Before going on to the regular business, I would like to move under Section 14 of the Standing Orders that the consideration of this Agenda be postponed at 7 o'clock to discuss a matter of public importance, and I beg to move the following motion:

"To move that under Section 14 of Standing Orders the consideration of this day's Agenda be suspended at 7 p.m., for the discussion of a matter of public importance—namely, that this Dáil being responsible for the government of the country, hereby proclaims the necessity for an immediate Truce, to last not less than fourteen days, with a view to restoring peace, and thus saving the country from economic disaster, and hereby appoints the Commander-in-Chief, the Minister for Education, Mr. Deputy Johnson and Mr. Deputy Fitzgibbon as its delegates to negotiate the terms of the Truce."

I see one of the Ministers smiles at this, but it is the alternative to the monstrous proposal that comes from the Ministerial benches. Peace, all will admit, is essential for the country. I believe in dealing with Irishmen you can deal better by a method such as this than by threatening them with execution.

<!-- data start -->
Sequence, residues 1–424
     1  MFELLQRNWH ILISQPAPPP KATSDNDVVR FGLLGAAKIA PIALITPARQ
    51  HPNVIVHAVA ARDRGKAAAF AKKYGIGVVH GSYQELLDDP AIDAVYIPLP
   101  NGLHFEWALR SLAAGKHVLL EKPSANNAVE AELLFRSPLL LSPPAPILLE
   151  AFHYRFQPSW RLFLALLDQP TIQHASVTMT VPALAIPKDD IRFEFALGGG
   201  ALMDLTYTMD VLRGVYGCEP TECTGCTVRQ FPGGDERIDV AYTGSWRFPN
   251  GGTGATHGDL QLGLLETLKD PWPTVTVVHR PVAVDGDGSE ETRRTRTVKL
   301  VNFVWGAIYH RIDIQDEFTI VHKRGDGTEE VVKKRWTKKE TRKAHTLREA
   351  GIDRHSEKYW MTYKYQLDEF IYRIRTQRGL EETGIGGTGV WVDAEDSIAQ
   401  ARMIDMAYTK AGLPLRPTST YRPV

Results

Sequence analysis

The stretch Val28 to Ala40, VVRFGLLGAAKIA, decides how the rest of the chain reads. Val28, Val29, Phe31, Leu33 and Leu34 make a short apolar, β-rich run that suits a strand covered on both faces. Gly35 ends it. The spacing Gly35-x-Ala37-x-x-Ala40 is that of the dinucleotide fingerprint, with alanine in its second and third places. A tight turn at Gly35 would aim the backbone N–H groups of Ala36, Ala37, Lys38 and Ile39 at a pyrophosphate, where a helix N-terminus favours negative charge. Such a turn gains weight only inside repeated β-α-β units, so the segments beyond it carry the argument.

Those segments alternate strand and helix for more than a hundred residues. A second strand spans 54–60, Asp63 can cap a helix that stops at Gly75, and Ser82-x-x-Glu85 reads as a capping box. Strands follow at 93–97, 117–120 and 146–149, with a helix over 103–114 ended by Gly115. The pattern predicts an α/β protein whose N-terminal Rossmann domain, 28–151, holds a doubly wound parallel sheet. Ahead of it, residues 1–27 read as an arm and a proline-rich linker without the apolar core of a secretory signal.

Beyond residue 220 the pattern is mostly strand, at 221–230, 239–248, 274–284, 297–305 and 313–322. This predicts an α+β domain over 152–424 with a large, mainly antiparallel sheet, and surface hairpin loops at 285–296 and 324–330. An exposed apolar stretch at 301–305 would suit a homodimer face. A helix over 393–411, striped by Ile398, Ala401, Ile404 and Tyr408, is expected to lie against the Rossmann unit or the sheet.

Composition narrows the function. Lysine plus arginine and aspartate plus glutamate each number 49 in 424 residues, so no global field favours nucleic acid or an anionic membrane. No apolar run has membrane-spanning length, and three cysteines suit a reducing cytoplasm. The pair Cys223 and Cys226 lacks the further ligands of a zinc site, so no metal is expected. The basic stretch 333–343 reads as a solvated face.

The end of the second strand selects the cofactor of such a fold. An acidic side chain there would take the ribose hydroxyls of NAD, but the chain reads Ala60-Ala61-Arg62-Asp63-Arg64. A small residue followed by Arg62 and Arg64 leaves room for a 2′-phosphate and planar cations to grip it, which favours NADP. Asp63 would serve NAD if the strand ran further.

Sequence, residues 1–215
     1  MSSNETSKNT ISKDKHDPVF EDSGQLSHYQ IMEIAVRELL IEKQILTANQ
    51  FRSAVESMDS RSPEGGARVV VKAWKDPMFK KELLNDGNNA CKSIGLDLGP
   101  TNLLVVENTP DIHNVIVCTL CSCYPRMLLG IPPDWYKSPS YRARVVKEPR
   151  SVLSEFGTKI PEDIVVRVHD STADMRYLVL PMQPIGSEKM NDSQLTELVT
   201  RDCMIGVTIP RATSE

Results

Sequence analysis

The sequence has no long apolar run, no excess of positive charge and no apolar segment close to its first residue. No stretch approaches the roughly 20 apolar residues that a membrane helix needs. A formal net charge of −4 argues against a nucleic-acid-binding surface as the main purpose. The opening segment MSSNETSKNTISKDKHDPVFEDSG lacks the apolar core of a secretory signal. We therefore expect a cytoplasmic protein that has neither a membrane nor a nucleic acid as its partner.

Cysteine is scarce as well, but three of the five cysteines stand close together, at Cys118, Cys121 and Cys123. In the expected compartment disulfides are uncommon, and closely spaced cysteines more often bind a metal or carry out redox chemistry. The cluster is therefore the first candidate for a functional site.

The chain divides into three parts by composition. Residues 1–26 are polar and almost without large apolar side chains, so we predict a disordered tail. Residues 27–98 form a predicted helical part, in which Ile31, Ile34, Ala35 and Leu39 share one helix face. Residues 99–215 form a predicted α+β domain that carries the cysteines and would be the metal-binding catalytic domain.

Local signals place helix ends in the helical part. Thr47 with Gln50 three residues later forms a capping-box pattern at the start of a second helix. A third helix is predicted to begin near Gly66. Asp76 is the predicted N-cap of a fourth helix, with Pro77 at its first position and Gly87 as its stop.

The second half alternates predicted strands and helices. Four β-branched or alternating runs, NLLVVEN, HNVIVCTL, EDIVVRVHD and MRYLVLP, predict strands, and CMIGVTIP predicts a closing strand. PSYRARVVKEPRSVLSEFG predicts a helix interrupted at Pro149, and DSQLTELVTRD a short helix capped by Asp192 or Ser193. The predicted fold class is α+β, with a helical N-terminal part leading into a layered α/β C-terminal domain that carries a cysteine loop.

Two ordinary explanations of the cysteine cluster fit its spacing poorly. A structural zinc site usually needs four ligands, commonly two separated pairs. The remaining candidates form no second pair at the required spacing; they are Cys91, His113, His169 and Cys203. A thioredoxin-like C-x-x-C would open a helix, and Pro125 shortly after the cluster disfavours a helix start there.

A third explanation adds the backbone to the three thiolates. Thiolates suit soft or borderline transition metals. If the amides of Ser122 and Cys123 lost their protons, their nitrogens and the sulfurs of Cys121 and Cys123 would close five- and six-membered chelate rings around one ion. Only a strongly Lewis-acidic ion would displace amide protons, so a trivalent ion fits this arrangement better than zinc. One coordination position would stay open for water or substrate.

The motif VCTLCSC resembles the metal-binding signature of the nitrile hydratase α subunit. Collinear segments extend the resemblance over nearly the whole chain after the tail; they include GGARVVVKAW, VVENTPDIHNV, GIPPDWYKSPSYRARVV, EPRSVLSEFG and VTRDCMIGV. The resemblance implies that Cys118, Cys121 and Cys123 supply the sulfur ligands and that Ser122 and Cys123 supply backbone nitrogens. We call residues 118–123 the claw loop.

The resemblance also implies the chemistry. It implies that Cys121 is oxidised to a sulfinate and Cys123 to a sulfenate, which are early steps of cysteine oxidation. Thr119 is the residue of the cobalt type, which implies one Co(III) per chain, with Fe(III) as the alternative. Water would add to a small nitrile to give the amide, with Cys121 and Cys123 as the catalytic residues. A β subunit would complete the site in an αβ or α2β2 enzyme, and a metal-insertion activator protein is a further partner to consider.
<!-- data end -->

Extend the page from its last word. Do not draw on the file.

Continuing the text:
We may later on have a discussion on the matter, provided it has the support of twelve Deputies. A speech on the subject now is out of order. Would the Deputy hand the exact terms of his motion to the Clerk?

I do not think a Truce will do any harm, and I think the Minister for Defence will bear me out in that.

I think under the Standing Orders there is no power to bring on a motion like that at all.

Under Sec. 14, it is allowable. If, in the opinion of the Commander-in-Chief, it interferes with the military situation, I will not press it, but I do not think a Truce would do any harm.

What is provided for in Articles 14 and 15 is the discussion of a matter of urgent public importance.

Yes, but is not peace a matter of public importance?

Yes, but a motion is not provided for. The matter can be discussed without a motion.

If we get a discussion it will be the same thing.

Yes, if we say that the Orders of the Day be suspended at 7 o'clock for the discussion of a question of a Truce, that would meet the case.

The request therefore is, that in pursuance of Standing Order 14 we suspend the Orders of the Day for the discussion of a matter of public importance—namely, to appoint a Committee to negotiate peace. That request is made by Deputy McCartan. Those Deputies who support that request will hold up their hands.

Over twelve Deputies held up their hands.

The request is granted, and the matter will arise at 7 o'clock.